Dodge / Ram
First generation Dodge Durango release material from Chrysler
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Durango serviceability features are described below. They are the same as those on Dakota except where noted.
The data link (diagnostic) connector for all onboard electronic systems is bracketed to the lower edge of the instrument panel for easy access. This connector provides access to the diagnostic codes produced by all onboard electronic systems.
A bolt-on radiator closure upper crossmember facilitates engine removal by allowing the engine to be pulled forward with minimal lift, rather than lifted straight up. It also makes removal of the hood unnecessary.
The air cleaner is readily accessible in the right front corner of the engine compartment. The filter is accessed for inspection or replacement by removing four spring clips that hold the cover. The clips snap back in place easily.
The fuel vapor canister is attached to the left frame side rail forward of the fuel tank.
Automatic transmission shift linkage adjustment is simplified by using a cable between the steering column and the transmission. The cable adjustment mechanism is readily accessible on the driver's side of the engine compartment between the brake lines and inner fender. The cluster range indicator is adjusted to correspond with the transmission by a simple thumbscrew.
The ABS electronic module and hydraulic control unit are integrated in the engine compartment to improve system reliability, but may be separated and replaced independently if required. Expanded diagnostic software aids in the diagnosis of system malfunctions.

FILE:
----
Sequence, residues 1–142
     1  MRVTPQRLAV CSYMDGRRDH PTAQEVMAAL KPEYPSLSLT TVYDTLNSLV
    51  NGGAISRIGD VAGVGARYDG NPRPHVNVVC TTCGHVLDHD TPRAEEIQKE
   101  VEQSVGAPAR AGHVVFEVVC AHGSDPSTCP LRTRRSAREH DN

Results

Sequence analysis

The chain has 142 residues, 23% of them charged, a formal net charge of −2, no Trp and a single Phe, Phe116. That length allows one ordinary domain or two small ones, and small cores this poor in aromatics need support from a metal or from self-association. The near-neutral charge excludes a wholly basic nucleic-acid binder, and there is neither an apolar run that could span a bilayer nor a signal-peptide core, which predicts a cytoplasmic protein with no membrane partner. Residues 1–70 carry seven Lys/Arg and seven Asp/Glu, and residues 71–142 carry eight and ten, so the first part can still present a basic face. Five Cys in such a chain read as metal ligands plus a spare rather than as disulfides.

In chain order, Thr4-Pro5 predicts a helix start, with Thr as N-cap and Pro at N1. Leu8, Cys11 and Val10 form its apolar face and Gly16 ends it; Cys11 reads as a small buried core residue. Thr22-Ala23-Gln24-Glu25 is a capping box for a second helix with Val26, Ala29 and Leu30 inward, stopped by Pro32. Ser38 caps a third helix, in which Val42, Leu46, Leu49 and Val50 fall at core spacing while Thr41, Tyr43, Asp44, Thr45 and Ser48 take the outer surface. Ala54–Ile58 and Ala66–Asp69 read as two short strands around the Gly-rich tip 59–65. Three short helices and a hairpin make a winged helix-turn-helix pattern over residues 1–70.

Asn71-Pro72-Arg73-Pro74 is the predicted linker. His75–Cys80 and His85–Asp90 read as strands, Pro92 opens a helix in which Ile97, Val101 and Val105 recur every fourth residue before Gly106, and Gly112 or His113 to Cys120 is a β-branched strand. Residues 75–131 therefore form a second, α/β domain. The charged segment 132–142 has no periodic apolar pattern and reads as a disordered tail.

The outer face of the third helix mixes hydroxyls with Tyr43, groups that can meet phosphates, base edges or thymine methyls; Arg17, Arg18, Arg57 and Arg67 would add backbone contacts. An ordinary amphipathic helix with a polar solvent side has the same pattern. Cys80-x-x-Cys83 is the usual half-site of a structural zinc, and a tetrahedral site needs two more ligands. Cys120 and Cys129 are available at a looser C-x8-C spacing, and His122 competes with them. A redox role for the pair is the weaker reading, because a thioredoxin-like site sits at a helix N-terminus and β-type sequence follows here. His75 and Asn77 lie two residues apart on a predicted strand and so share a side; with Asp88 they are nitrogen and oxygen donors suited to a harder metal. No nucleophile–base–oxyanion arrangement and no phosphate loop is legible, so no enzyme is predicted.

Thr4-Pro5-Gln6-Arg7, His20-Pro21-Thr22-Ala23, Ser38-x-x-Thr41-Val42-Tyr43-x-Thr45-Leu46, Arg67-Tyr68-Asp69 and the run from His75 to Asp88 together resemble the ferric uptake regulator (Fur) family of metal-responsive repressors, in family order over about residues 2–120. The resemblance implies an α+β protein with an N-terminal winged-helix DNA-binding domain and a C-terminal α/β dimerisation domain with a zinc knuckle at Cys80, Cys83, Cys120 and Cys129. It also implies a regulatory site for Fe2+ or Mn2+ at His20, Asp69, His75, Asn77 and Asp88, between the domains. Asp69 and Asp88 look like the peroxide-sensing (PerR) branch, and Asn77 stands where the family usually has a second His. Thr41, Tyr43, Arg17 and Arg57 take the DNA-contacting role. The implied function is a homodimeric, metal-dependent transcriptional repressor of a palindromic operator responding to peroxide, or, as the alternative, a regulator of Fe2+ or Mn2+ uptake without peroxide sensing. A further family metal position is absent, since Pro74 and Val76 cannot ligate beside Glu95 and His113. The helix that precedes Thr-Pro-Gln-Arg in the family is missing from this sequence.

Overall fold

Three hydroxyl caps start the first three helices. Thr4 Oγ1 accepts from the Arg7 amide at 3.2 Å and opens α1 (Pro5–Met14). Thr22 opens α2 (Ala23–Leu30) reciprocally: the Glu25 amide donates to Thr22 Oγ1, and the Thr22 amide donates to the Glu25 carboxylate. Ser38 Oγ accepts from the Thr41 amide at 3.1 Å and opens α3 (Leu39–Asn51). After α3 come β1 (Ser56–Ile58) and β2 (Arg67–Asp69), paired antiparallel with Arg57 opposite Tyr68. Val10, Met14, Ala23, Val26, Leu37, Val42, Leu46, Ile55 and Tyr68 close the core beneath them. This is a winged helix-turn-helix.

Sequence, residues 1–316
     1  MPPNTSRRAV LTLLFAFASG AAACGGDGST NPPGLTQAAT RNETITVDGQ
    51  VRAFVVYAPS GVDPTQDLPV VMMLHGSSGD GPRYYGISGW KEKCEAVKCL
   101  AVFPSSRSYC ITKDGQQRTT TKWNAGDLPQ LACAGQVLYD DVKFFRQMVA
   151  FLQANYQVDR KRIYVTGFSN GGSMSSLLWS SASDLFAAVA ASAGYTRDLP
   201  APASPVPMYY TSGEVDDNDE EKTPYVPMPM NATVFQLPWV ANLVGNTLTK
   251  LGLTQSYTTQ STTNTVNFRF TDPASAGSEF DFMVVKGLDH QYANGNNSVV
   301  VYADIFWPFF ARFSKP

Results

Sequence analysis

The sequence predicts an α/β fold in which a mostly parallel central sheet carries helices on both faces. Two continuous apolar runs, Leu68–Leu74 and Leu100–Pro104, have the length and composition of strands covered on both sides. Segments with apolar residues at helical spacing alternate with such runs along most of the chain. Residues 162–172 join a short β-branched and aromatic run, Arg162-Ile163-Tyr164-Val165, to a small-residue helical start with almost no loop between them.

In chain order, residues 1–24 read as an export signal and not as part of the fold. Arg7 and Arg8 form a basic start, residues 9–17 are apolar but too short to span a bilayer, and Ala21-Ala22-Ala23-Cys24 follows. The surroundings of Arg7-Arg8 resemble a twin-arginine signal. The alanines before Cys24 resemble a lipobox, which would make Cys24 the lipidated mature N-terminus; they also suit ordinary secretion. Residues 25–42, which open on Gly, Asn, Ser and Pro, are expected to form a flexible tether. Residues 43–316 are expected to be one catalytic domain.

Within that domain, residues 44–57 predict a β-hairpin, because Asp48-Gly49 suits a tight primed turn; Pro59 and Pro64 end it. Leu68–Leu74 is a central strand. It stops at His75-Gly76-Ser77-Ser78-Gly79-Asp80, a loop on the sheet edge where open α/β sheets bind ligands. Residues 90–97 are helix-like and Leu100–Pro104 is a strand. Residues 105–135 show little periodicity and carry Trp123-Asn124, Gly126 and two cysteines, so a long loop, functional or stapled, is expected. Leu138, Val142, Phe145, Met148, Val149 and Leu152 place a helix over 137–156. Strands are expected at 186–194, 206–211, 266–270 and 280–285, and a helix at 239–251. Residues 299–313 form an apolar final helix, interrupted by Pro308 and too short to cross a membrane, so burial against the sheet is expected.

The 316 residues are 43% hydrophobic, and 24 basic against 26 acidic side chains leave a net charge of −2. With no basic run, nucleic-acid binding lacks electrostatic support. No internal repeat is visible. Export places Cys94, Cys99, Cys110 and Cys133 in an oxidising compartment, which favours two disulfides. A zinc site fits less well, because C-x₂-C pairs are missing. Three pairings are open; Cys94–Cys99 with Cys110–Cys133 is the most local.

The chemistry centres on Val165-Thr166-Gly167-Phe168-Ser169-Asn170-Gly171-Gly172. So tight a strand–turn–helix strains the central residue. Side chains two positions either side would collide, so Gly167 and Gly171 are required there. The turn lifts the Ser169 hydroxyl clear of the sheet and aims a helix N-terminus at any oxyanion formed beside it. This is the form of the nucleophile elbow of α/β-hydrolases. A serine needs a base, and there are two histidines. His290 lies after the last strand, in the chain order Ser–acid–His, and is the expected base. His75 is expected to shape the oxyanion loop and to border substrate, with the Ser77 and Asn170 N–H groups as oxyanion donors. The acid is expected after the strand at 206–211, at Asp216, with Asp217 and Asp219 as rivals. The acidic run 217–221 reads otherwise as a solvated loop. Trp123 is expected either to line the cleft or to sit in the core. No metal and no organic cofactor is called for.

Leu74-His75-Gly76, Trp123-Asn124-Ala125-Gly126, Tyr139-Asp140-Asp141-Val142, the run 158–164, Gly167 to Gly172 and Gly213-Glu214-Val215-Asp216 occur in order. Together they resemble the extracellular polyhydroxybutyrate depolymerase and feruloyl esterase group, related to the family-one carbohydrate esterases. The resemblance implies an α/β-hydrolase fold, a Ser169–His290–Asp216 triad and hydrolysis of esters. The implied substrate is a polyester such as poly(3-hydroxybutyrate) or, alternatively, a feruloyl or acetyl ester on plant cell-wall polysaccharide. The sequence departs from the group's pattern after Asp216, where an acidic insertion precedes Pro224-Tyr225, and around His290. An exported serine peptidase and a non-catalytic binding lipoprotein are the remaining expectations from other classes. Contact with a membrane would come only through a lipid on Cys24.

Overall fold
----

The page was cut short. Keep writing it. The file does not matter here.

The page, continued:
The Durango RWAL (Rear-Wheel Antilock) brake system uses an upgraded electronic controller that is shared with other 1998 Dodge trucks. It is mounted under the hood for easy service access. The controller retains diagnostic codes in memory and communicates them over the multiplex data network to the central data link connector for output to a DRB III scan tool.
Separately replaceable front disc brake rotors minimize the cost of service replacement.
Toe adjustment is precise and easy because the tie-rods thread directly into the tie-rod ends and are held in adjustment by jam nuts. Loosening the jam nuts allows the tie-rods, which swivel at the center link, to be threaded in or out of the rod ends. Adjustment is more precise than with threaded sleeves because there is minimal change in clearance between mating parts from unlocked to locked conditions.
Counterbalanced hinges reduce opening effort and hold the hood open without a prop rod. There is a minimum of 6 feet (1.8 m) vertical clearance to the grille with the hood open. Hood mounting of the grille provides easy access to the air conditioning condenser and transmission auxiliary cooler. It also facilitates engine removal. The grille is supported by a tubular bracket to permit its use as a handle to open the hood. The secondary hood latch is operated by a lever extending through the grille for easy access. A bolt-on radiator yoke upper crossmember facilitates engine removal and replacement.
Headlamp bulbs are replaced from the engine compartment through an access hole in the radiator closure panel. The bulb holder twists out for replacement. Headlamp aiming screws are accessible from the front of the truck with the hood open; the vertical adjustment is above the lamp and the horizontal adjustment in the grille opening.